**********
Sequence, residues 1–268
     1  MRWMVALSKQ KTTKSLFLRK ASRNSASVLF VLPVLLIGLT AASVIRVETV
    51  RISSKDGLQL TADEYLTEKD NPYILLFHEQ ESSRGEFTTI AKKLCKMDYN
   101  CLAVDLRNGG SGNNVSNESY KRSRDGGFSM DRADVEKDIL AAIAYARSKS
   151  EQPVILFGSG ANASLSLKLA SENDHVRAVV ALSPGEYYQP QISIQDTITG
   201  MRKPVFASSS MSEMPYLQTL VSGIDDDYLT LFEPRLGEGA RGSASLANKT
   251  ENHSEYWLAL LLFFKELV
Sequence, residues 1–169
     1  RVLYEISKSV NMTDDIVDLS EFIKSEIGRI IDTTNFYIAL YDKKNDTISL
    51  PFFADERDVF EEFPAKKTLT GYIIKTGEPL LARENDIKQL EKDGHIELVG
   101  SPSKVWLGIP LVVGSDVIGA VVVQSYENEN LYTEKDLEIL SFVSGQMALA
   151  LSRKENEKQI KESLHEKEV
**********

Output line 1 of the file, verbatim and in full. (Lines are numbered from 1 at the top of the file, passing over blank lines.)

Sequence, residues 1–268